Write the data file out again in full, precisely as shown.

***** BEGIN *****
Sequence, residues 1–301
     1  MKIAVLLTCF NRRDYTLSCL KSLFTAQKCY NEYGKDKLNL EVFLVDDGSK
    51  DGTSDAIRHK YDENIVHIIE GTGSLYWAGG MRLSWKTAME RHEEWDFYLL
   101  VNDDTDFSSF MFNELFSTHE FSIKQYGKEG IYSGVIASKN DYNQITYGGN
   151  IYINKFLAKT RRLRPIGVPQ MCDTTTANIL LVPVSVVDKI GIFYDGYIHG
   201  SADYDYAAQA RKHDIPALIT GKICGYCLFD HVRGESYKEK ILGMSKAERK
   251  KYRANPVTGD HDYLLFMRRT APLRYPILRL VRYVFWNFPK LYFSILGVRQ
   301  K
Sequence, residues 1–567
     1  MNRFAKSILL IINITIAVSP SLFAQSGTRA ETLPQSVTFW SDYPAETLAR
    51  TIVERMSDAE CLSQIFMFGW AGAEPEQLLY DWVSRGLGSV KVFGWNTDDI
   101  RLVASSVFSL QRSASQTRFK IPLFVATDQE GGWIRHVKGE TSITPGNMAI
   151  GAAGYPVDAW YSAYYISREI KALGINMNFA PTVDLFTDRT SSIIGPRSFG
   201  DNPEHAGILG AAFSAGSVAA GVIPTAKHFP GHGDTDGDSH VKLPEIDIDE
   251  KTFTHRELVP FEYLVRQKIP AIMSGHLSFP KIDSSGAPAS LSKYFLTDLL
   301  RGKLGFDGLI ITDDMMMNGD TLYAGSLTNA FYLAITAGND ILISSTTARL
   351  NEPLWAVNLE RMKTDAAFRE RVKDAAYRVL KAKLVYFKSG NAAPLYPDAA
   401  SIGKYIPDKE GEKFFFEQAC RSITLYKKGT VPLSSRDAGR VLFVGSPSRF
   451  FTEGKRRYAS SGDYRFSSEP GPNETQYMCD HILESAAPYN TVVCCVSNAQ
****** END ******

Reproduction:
Sequence, residues 1–301
     1  MKIAVLLTCF NRRDYTLSCL KSLFTAQKCY NEYGKDKLNL EVFLVDDGSK
    51  DGTSDAIRHK YDENIVHIIE GTGSLYWAGG MRLSWKTAME RHEEWDFYLL
   101  VNDDTDFSSF MFNELFSTHE FSIKQYGKEG IYSGVIASKN DYNQITYGGN
   151  IYINKFLAKT RRLRPIGVPQ MCDTTTANIL LVPVSVVDKI GIFYDGYIHG
   201  SADYDYAAQA RKHDIPALIT GKICGYCLFD HVRGESYKEK ILGMSKAERK
   251  KYRANPVTGD HDYLLFMRRT APLRYPILRL VRYVFWNFPK LYFSILGVRQ
   301  K
Sequence, residues 1–567
     1  MNRFAKSILL IINITIAVSP SLFAQSGTRA ETLPQSVTFW SDYPAETLAR
    51  TIVERMSDAE CLSQIFMFGW AGAEPEQLLY DWVSRGLGSV KVFGWNTDDI
   101  RLVASSVFSL QRSASQTRFK IPLFVATDQE GGWIRHVKGE TSITPGNMAI
   151  GAAGYPVDAW YSAYYISREI KALGINMNFA PTVDLFTDRT SSIIGPRSFG
   201  DNPEHAGILG AAFSAGSVAA GVIPTAKHFP GHGDTDGDSH VKLPEIDIDE
   251  KTFTHRELVP FEYLVRQKIP AIMSGHLSFP KIDSSGAPAS LSKYFLTDLL
   301  RGKLGFDGLI ITDDMMMNGD TLYAGSLTNA FYLAITAGND ILISSTTARL
   351  NEPLWAVNLE RMKTDAAFRE RVKDAAYRVL KAKLVYFKSG NAAPLYPDAA
   401  SIGKYIPDKE GEKFFFEQAC RSITLYKKGT VPLSSRDAGR VLFVGSPSRF
   451  FTEGKRRYAS SGDYRFSSEP GPNETQYMCD HILESAAPYN TVVCCVSNAQ